Facebook’s plan to combat climate misinformation running rampant on its site is here. It is a… “climate science information centre” of facts, figures, and news stories about the climate crisis that obscures the systematic changes needed to address climate change while peddling tips that mirror Big Oil talking points. The whole thing is a giant hand-wave to distract us from looking at the real solutions to climate change and the role Facebook is playing in corroding them.
Here is where I would usually say it is good Facebook is doing something about climate change. But the era of corporate malfeasants getting belly rubs is over. What Facebook is doing is akin to the U.S. National Rifle Association’s argument that the only way to stop a bad guy with a gun is a good guy with a gun. In this case, Facebook is the arms dealer handing out guns to both sides.
Facebook’s announcement of the information centre opens with the line, “climate change is real,” which is usually a precursor to bullshit. Congrats. Welcome to the party that scientists have been having for more than 100 years.
Many users who opened Facebook on Tuesday in the U.S., UK, and Germany were greeted with a chance to visit the climate science information centre. The page contains information from trusted scientific sources, localised climate data trends, and, at least on Tuesday for this user, a prompt to share a photo of a place I want to protect from climate change with the hashtag #OurPlanetChallenge. If 100,000 users do it, Facebook said it would kick $US100,000 ($137,110) to the Arbor Day Foundation.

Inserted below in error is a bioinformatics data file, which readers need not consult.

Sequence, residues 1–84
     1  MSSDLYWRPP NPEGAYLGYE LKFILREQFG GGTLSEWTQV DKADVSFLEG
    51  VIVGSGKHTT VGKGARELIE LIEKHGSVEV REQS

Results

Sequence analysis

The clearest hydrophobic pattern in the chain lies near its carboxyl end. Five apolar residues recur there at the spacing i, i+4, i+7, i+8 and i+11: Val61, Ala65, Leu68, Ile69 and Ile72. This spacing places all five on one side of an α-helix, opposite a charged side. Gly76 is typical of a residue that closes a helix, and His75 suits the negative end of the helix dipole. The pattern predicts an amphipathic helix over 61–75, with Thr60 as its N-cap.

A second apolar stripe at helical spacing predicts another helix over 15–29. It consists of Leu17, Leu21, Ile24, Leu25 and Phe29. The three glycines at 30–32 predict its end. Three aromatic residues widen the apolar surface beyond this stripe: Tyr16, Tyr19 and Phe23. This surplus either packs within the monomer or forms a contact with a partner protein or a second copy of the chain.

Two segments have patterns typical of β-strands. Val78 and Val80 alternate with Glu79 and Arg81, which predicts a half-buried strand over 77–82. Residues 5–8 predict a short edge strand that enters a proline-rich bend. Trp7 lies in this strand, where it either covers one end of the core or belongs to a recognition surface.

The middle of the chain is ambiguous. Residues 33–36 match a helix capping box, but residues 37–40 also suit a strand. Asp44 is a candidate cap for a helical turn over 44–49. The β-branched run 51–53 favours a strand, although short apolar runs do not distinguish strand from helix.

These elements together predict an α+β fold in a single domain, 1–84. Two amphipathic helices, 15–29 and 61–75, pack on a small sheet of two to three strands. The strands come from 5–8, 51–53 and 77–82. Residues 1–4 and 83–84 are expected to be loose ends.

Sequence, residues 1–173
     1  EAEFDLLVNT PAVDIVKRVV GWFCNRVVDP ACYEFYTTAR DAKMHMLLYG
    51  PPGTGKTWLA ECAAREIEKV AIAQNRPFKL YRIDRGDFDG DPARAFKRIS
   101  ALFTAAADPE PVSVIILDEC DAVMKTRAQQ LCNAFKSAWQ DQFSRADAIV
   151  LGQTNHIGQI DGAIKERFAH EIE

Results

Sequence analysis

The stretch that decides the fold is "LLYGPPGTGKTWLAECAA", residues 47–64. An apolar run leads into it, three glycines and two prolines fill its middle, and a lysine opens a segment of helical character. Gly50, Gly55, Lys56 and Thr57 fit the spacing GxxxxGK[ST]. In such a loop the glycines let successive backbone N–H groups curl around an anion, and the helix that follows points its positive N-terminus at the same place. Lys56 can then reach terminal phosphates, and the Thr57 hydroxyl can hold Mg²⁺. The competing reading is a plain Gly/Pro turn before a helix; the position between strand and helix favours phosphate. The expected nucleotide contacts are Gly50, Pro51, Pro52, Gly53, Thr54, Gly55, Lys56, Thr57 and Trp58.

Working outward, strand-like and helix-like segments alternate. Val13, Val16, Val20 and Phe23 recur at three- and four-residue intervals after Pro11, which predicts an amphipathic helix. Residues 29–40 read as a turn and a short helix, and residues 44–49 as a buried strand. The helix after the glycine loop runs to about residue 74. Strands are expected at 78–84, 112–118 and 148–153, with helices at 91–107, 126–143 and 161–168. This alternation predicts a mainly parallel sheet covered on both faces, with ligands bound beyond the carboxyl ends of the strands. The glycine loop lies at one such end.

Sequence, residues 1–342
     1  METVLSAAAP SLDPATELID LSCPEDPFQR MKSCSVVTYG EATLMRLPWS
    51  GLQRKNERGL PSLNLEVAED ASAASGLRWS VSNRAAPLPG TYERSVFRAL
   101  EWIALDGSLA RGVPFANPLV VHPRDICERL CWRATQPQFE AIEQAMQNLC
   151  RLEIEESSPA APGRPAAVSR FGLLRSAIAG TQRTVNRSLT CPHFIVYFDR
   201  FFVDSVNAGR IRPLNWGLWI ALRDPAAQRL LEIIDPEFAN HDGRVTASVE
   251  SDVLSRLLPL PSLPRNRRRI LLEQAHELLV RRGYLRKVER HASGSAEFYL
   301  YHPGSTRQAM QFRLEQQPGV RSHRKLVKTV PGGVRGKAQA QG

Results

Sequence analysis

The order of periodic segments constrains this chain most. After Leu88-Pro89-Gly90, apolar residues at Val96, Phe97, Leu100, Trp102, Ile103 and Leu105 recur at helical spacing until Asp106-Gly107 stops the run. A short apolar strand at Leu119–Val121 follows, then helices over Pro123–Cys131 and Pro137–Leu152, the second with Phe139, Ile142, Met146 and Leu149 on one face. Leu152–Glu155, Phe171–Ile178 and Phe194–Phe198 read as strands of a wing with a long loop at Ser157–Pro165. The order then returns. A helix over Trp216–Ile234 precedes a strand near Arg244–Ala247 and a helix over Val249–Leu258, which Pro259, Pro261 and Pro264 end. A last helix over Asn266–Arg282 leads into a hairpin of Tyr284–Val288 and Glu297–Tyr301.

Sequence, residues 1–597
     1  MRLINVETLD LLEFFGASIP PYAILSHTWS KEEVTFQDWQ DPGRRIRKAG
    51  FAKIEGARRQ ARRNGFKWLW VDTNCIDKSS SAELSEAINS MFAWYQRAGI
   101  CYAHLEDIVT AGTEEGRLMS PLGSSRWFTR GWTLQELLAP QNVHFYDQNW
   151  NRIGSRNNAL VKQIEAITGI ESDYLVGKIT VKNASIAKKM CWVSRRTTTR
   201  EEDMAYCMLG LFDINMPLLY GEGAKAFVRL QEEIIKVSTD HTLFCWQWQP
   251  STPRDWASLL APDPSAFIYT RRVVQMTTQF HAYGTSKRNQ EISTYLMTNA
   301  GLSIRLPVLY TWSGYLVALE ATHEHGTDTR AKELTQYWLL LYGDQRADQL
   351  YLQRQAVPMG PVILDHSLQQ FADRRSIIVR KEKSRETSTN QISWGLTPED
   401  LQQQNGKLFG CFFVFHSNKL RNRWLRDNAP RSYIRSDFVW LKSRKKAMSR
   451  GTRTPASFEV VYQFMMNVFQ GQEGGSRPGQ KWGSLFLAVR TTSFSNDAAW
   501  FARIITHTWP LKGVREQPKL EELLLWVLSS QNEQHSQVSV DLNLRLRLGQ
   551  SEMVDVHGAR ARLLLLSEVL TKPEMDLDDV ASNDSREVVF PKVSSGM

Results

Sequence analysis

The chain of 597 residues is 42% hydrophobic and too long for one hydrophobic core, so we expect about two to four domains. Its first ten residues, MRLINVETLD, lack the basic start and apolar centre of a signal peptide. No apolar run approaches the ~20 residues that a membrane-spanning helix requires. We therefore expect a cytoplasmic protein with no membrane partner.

The science is all well and good, but we are well past the era where science knowledge alone is going to solve anything. To paraphrase a friend of the blog and climate essayist Mary Heglar, all we need to do to understand climate change is look out the window. The fires in the West, relentless heat waves, and other crippling impacts of climate change leading to real-world suffering tell the story much more clearly than graphs showing local temperature trends.